as all work camps point out, this isn't a vacation. It's hard work,
for a good reason. If you're looking for a vacation, you shouldn't
be volunteering anyway.
Community service includes volunteer work in education, health and
nutrition, and urban development. In addition to working with individuals
and helping a community, there seems to be more flexibility in these
opportunities. However, in these programs, volunteers are usually
thrown into an ongoing project, so while trying to adapt to a completely
new culture, these volunteers must also quickly learn their responsibilities.
Dispelling Rumors about the Peace Corps
The U.S. government run Peace Corps is probably the most diverse and
largest volunteer organization in the world. Besides job diversity,
a long history, no fees, and a large support network, Peace Corps
offers a $6,000 readjustment stipend after volunteers complete their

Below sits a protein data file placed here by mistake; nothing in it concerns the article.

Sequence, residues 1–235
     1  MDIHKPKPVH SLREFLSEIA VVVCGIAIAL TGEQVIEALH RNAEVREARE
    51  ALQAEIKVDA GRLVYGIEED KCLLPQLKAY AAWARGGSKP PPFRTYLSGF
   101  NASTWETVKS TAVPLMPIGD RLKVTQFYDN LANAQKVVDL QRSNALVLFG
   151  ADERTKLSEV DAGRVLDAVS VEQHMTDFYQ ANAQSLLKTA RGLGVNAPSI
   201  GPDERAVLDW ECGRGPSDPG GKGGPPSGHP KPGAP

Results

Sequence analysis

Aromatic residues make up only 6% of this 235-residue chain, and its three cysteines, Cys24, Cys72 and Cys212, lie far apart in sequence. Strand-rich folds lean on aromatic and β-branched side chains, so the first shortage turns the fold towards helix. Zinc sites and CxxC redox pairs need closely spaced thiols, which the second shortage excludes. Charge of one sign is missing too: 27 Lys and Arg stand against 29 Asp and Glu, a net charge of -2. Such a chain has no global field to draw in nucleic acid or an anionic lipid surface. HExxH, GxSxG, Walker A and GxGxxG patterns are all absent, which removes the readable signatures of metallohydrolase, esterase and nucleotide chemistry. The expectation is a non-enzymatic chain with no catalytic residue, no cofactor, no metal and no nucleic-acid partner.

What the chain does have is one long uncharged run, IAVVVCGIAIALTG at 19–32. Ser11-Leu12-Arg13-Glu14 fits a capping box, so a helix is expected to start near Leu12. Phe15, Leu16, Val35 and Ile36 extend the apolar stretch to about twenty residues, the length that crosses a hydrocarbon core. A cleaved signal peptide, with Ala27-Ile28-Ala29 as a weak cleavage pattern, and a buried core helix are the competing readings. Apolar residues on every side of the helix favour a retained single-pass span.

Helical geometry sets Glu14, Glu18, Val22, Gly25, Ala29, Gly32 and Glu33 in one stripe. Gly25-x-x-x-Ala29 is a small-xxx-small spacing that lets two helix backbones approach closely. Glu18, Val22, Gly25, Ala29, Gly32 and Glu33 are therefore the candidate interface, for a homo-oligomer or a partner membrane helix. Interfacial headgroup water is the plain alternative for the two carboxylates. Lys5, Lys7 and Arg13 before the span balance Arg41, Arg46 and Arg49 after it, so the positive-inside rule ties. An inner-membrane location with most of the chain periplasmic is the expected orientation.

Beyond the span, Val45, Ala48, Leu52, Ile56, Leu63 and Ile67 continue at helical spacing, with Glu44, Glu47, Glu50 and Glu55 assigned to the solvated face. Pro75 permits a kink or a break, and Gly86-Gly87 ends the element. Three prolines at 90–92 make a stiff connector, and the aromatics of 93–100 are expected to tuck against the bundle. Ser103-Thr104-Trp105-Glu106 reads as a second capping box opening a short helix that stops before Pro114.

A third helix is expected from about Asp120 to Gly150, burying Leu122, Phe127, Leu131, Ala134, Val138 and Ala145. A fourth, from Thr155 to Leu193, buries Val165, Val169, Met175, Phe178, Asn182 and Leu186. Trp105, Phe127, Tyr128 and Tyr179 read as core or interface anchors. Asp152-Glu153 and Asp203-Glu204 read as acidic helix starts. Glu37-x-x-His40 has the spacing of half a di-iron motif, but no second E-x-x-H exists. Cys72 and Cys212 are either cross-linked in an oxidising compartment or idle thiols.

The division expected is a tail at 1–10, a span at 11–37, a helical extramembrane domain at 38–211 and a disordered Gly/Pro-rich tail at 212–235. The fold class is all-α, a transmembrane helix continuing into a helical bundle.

service. Participants with a bachelor's degree are encouraged to apply
for opportunities in agriculture, education, health and nutrition,
community service, and urban youth development. Yet the Peace Corps,
and other volunteer groups for that matter, have been criticized that
the locals can do fine without the help of their organization, and
that volunteering abroad is simply an ego booster for the volunteers
themselves. In Jobs for People Who Love to Travel, Ron Krannich mentions
that "for many people, development work becomes more of a personal
ego trip than one of concrete long-term accomplishments." Not so,
says Peace Corps spokesperson Dana Topousis. According to Topousis,
Peace Corps recruits go only where the need is, and this need is specifically
requested by a village/town leader to the Peace Corps. Topousis adds
that usually only one volunteer is sent to each community for a period
of two years. Volunteering is an intense experience wherever you go,
and with whichever program. It's important to find a program whose
philosophy towards volunteering matches your own.